It may be noticed in this connection, that according to the Mitakshara, the heirs to the stridhana of a woman married in the approved form, and dying without leaving any heir of her body, are the same persona who are her husband's heirs and they take in the same order. So the succession of the husband's heirs to his estate inherited by his widow after, her death might have contributed to the false idea that such property is not her stridhana, although they succeed as her heirs and not as the husband's.
27. When we come to the order of succession amongst sapindas given by Mulla in para. 43 we find that sister is introduced as an heir at no. 130 and sister's son at No. 13D and reference is made under both of them that position as heir is assigned to them by Act II  of 1929.
28. Talukraj Kuer v. Bacha Kuer A.I.R. (35) 1948 Pat. 264. This case held that Act II  of 1929 has no application to the succession of stridhan property held by a female. In dissenting from Mt. Charjo's case A.I.R. (24) 1937 Lah. 196, Manohar Lall J., observed:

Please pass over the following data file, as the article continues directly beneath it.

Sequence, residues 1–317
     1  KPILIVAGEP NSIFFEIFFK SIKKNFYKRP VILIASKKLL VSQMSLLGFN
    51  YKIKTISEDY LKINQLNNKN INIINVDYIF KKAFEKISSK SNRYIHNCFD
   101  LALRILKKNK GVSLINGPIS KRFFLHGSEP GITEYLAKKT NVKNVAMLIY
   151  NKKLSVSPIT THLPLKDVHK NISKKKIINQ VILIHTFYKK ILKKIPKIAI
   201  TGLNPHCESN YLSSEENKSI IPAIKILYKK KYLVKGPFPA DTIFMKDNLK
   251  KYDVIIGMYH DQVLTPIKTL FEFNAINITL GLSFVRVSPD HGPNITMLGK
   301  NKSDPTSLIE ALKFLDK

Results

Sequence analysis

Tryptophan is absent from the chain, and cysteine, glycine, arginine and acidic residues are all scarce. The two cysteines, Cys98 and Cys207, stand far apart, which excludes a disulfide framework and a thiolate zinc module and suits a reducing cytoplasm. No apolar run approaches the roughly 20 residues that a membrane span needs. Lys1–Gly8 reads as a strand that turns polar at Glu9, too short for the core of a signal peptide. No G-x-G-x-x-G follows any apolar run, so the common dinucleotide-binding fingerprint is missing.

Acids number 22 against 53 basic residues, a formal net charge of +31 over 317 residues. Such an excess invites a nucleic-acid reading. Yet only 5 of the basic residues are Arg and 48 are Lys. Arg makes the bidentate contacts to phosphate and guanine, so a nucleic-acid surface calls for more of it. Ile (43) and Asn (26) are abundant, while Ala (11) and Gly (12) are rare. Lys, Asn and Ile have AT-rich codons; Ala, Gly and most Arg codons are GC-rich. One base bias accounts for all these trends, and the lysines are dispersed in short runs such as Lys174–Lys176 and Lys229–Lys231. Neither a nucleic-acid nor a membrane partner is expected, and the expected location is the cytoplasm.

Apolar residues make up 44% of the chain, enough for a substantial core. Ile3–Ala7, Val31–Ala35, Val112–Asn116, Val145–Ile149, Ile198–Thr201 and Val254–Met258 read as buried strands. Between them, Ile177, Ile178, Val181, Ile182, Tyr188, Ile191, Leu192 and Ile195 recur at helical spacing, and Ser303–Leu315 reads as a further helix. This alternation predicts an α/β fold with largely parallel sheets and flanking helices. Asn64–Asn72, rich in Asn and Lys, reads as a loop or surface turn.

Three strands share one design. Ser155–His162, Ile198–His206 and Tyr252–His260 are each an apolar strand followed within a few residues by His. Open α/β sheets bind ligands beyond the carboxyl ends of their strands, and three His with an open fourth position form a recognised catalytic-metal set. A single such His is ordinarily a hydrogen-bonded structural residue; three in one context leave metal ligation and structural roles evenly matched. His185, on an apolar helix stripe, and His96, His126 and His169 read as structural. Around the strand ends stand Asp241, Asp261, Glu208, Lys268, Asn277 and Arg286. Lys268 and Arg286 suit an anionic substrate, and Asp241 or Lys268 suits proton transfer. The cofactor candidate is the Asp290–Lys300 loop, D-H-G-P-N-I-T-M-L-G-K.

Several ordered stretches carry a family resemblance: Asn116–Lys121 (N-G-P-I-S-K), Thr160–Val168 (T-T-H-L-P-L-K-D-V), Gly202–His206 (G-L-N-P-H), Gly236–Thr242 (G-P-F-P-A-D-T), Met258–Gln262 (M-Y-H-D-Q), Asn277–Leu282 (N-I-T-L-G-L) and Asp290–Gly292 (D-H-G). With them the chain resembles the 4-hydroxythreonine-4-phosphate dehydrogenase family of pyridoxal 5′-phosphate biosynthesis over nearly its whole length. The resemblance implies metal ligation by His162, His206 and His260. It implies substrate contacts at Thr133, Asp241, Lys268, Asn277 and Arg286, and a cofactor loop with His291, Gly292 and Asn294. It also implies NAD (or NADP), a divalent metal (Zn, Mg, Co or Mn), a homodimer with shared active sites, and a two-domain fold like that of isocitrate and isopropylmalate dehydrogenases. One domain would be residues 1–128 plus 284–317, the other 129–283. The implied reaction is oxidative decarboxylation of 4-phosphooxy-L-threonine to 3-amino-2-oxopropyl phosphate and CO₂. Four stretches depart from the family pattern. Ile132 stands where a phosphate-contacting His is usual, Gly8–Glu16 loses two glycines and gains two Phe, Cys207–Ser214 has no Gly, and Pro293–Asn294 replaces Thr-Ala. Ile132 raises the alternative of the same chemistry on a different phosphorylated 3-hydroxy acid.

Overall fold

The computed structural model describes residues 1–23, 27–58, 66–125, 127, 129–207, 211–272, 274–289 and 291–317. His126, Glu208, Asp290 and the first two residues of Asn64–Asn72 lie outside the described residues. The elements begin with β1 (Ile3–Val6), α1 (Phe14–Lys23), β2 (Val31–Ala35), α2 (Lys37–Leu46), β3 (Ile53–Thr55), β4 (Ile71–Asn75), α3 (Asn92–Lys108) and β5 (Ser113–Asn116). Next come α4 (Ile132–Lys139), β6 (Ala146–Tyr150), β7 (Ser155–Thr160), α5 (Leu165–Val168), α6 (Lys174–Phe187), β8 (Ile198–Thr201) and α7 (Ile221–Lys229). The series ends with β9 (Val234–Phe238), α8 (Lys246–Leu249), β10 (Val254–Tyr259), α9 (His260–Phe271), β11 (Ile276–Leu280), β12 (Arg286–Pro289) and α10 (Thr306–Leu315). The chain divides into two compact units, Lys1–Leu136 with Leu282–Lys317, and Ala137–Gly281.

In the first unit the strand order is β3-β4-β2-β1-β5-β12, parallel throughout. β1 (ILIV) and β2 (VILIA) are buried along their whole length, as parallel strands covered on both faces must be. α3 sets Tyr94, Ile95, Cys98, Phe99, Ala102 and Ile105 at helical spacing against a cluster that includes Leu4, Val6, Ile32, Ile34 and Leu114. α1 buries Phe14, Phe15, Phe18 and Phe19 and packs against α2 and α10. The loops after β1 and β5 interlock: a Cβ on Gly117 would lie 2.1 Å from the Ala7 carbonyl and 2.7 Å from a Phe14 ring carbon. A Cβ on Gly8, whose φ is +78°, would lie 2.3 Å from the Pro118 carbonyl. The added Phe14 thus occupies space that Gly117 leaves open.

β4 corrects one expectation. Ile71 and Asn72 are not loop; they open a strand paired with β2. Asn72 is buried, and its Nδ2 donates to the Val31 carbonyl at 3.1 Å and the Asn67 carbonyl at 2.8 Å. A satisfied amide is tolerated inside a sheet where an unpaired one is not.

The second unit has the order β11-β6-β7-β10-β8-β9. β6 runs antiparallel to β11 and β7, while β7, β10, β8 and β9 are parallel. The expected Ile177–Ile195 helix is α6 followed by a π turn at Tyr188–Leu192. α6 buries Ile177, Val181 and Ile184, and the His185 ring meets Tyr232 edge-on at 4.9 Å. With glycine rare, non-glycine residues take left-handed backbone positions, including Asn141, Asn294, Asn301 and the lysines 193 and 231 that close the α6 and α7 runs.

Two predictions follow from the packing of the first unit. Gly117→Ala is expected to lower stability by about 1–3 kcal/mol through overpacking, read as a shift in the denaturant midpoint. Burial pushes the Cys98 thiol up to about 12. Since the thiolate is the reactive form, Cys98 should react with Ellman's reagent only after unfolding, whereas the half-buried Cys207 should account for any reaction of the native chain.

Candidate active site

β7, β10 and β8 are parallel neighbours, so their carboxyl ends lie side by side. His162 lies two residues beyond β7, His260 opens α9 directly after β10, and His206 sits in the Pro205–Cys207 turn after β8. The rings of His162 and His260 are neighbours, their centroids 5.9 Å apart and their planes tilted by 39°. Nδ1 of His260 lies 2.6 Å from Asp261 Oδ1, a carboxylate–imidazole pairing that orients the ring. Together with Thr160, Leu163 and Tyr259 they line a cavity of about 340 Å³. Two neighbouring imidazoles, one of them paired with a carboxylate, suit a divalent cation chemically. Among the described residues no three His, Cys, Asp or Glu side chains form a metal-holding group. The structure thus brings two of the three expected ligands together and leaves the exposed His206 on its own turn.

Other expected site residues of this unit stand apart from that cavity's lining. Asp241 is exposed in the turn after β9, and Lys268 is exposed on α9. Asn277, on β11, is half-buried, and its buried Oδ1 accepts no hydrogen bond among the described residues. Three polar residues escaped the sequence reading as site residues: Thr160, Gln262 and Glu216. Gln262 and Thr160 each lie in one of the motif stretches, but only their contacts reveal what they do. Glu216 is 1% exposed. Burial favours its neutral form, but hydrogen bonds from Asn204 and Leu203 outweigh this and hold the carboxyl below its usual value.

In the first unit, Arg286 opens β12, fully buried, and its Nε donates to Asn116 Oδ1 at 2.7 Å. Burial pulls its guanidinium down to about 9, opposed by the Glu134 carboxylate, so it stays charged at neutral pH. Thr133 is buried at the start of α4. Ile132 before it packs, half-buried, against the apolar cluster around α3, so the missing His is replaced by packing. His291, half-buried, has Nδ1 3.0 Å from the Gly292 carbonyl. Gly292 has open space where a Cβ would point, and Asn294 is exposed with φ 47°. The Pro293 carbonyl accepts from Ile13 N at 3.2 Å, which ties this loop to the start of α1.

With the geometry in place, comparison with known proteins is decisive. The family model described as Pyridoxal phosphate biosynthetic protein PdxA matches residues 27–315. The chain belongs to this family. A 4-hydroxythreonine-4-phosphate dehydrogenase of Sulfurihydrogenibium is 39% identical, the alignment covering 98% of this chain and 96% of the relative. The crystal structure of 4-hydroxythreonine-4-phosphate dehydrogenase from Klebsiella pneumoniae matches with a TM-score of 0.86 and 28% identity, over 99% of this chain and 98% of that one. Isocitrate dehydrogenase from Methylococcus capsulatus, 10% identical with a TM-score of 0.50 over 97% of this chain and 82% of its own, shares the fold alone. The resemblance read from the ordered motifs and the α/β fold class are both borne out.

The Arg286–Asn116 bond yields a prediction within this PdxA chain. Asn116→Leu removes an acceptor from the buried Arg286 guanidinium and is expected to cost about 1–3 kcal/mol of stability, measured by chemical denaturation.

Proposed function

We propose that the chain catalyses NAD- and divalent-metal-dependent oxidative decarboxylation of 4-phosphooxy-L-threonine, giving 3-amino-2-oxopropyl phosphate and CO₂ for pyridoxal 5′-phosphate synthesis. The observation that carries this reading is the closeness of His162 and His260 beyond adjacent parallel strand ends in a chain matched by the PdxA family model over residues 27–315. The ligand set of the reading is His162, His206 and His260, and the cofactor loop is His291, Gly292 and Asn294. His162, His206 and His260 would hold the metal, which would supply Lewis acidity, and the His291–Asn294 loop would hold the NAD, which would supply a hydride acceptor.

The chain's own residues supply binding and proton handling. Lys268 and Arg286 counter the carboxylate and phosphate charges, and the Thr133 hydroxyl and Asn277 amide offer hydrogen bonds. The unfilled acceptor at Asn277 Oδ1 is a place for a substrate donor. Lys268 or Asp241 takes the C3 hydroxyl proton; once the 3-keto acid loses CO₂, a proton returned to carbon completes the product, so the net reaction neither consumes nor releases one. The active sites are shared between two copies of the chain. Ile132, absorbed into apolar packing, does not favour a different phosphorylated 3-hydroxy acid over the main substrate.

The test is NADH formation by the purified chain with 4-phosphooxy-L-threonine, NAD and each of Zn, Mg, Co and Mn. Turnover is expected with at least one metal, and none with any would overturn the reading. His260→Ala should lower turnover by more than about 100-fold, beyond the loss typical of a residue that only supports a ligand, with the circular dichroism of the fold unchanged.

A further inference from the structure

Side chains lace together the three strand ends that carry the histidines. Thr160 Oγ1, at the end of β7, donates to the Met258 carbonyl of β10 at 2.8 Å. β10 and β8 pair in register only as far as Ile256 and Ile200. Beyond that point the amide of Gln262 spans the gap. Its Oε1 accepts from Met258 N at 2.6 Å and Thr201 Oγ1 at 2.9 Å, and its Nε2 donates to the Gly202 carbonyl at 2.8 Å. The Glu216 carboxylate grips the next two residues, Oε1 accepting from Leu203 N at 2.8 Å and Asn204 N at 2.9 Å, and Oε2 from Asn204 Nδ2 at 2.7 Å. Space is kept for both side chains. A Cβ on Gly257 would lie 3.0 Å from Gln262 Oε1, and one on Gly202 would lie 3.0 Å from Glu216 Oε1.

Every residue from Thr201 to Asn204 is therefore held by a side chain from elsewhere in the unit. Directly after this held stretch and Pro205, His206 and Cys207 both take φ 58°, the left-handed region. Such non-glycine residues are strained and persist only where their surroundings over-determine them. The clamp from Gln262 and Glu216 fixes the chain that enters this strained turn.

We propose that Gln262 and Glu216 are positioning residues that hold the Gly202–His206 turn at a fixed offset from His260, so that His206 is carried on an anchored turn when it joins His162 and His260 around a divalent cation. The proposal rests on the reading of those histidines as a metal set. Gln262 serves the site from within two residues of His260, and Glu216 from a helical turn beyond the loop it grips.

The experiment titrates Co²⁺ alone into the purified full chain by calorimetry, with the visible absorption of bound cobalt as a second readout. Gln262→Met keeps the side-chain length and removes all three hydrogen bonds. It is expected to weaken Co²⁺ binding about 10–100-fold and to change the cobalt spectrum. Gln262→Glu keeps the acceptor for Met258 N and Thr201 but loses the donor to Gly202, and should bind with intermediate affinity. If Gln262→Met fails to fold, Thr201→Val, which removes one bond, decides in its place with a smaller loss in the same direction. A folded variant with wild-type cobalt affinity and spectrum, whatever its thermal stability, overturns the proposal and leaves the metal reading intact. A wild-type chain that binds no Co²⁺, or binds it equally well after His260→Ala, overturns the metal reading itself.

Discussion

The learned Judge held that succession to the stridhan property of Mt. Nawahu which devolved upon her death on her husband would be governed by Act II  of 1929, In my view, this decision is incorrect. I cannot understand how the : succession to the property of a female could be governed by Act  II of 1929 which distinctly states that it shall only apply to the succession to the property left by a male.